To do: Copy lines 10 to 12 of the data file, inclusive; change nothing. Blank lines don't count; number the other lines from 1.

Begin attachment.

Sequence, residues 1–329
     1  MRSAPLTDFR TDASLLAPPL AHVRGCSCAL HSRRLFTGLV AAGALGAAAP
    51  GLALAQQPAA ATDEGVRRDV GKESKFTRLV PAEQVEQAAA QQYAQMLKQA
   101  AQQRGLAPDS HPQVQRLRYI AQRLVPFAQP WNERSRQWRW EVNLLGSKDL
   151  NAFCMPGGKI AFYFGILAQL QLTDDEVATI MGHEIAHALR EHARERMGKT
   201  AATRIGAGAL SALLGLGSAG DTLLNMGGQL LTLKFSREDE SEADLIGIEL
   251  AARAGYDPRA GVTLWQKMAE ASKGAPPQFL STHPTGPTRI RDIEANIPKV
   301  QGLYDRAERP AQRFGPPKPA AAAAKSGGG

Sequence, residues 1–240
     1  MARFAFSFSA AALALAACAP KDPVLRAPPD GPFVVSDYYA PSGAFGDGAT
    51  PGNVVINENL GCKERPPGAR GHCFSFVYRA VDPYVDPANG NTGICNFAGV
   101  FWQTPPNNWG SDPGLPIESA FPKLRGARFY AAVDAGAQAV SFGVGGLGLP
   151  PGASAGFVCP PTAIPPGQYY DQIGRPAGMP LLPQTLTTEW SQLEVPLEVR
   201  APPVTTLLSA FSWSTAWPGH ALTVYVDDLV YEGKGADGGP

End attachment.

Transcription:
     1  MARFAFSFSA AALALAACAP KDPVLRAPPD GPFVVSDYYA PSGAFGDGAT
    51  PGNVVINENL GCKERPPGAR GHCFSFVYRA VDPYVDPANG NTGICNFAGV
   101  FWQTPPNNWG SDPGLPIESA FPKLRGARFY AAVDAGAQAV SFGVGGLGLP